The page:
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Visualization of spirography-based objective measures in Parkinson's disease
School of Technology and Business Studies, Computer Engineering, Dalarna University, Falun, Sweden.ORCID iD: 0000-0002-2372-4226
Computer Science, University of California, Davis, USA.
Neuroscience, Neurology, Uppsala University, Uppsala, Sweden.
2014 (English)Conference paper, Oral presentation with published abstract (Other academic)
Abstract [en]

Objective: To investigate whether advanced visualizations of spirography-based objective measures are useful in differentiating motor complications among Parkinson’s disease (PD) patients.

Background: Sixty-five patients diagnosed with advanced PD have utilized a telemetry test battery, implemented on a touch screen handheld computer, in a telemedicine setting. On each test occasion, they were asked to perform repeated and time-stamped assessments of spiral drawing performance by tracing a pre-drawn Archimedes spiral. The test battery was also used by 10 healthy elderly (HE) subjects.

Methods: A web-based framework was developed to visualize the performance during spirography of both patients and HE subjects to a clinician (DN). The performance was depicted by animating the spiral drawings (Fig 1). In addition, the framework displayed two time series views for representing drawing speed (blue line) and displacement from the ideal trajectory (orange line). The views are coordinated and linked i.e. user interactions in one of the views will be reflected in other views. For instance, when the user points in one of the pixels in spiral view, the circle size of the underlying pixel increases and a vertical line appears in the time series views to depict the corresponding position. Fig 1 shows single randomly selected spirals per each subject group: A) a PD patient in Dyskinesia state, B) a HE subject, and C) a PD patient in Off state.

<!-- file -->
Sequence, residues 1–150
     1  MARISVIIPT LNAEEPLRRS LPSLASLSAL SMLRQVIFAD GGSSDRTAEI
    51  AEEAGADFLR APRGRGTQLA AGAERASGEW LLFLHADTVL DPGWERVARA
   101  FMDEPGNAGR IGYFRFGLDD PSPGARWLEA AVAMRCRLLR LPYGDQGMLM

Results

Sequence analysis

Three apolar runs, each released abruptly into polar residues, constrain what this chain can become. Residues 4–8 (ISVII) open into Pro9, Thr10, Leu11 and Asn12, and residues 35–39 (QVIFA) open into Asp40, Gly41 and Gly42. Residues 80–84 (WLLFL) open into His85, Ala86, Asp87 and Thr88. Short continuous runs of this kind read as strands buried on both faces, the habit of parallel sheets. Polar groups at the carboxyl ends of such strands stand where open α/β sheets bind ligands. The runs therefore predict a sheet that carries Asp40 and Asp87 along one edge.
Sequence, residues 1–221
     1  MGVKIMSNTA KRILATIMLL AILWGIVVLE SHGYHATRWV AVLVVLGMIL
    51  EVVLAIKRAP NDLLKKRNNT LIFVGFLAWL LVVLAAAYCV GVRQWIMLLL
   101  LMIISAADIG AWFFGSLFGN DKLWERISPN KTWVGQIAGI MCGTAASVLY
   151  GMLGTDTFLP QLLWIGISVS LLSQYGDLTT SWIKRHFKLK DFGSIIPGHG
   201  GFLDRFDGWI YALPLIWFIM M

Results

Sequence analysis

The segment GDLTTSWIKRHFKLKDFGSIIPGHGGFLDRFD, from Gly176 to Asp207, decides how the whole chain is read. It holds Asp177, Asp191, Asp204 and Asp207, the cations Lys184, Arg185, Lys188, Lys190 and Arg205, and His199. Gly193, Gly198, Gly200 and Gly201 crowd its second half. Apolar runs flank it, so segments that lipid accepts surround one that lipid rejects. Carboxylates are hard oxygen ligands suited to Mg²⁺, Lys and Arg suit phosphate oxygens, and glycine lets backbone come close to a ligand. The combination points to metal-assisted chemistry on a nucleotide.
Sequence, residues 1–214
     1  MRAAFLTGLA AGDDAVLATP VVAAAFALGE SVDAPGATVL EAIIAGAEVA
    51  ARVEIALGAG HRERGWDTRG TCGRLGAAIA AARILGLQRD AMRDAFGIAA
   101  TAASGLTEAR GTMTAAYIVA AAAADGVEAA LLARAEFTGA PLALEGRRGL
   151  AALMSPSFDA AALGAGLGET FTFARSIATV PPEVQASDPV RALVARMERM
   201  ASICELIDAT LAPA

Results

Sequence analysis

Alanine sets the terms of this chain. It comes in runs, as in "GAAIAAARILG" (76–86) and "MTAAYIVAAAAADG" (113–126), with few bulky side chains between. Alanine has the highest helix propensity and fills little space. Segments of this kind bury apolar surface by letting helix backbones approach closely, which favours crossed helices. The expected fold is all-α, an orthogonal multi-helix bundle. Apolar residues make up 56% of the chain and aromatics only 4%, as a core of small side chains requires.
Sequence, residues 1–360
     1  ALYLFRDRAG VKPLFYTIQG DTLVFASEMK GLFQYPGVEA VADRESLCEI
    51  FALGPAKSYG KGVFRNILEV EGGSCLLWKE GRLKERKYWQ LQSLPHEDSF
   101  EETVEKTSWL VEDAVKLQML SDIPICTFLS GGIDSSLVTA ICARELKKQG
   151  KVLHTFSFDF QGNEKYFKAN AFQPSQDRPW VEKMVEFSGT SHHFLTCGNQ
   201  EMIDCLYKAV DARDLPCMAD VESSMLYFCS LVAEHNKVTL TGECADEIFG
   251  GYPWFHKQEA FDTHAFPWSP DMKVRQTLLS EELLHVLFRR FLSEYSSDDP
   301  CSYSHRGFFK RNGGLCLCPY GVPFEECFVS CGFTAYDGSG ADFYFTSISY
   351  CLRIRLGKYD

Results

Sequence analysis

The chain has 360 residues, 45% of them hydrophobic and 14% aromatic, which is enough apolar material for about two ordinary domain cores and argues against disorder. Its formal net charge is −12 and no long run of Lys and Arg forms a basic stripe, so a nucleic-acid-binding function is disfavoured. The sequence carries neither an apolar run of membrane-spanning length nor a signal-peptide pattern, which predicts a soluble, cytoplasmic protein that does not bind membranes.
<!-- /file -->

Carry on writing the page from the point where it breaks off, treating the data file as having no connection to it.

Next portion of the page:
Results: The clinician recognized Dyskinesia symptoms as movements made with high speed, smooth/gradual spatial displacements, and a small amount of hesitation (Fig 1A). Similarly, Off symptoms were associated with low speed, sharp/abrupt spatial displacements, and a large amount of hesitation (Fig 1C). In contrast, the spiral drawn by a HE subject (Fig 1B) was associated with unchanging levels of kinematic features i.e. drawing speed, spatial displacements and hesitation over time.

Conclusions: Visualizing spirography-based objective measures enables identification of trends and patterns of motor dysfunctions at the patient’s individual level. Dynamic access of visualized motor tests may be useful during the evaluation of therapy-related complications such as under- and over-medications. This will assist during individualized optimization of therapies, enabling patients to spend more time in the On state with a minimum of Off and dyskinetic states.

Place, publisher, year, edition, pages
Wiley-Blackwell, 2014. Vol. 29 Suppl. 1, S187-S189 p., 505
Series
Movement Disorders, ISSN 0885-3185, E-ISSN 1531-8257
Keyword [en]
data visualization, objective measures, animation, time series, Parkinson's disease, spirography, motor dysfunctions
National Category
Information Systems, Social aspects Neurology
Identifiers
URN: urn:nbn:se:oru:diva-62599DOI: 10.1002/mds.25914ISI: 000337693401113OAI: oai:DiVA.org:oru-62599DiVA: diva2:1157496
Conference
18th International Congress of Parkinson's Disease and Movement Disorders, Stockholm, Sweden, June 8-12, 2014
Available from: 2017-11-16 Created: 2017-11-16 Last updated: 2017-11-21Bibliographically approved

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Memedi, Mevludin

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